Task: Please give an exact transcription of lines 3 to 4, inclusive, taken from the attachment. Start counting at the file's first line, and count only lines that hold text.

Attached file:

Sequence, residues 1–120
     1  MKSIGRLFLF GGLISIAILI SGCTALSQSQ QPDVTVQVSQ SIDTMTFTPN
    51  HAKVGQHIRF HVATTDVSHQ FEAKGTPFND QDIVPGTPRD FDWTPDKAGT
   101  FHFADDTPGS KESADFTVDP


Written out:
    51  HAKVGQHIRF HVATTDVSHQ FEAKGTPFND QDIVPGTPRD FDWTPDKAGT
   101  FHFADDTPGS KESADFTVDP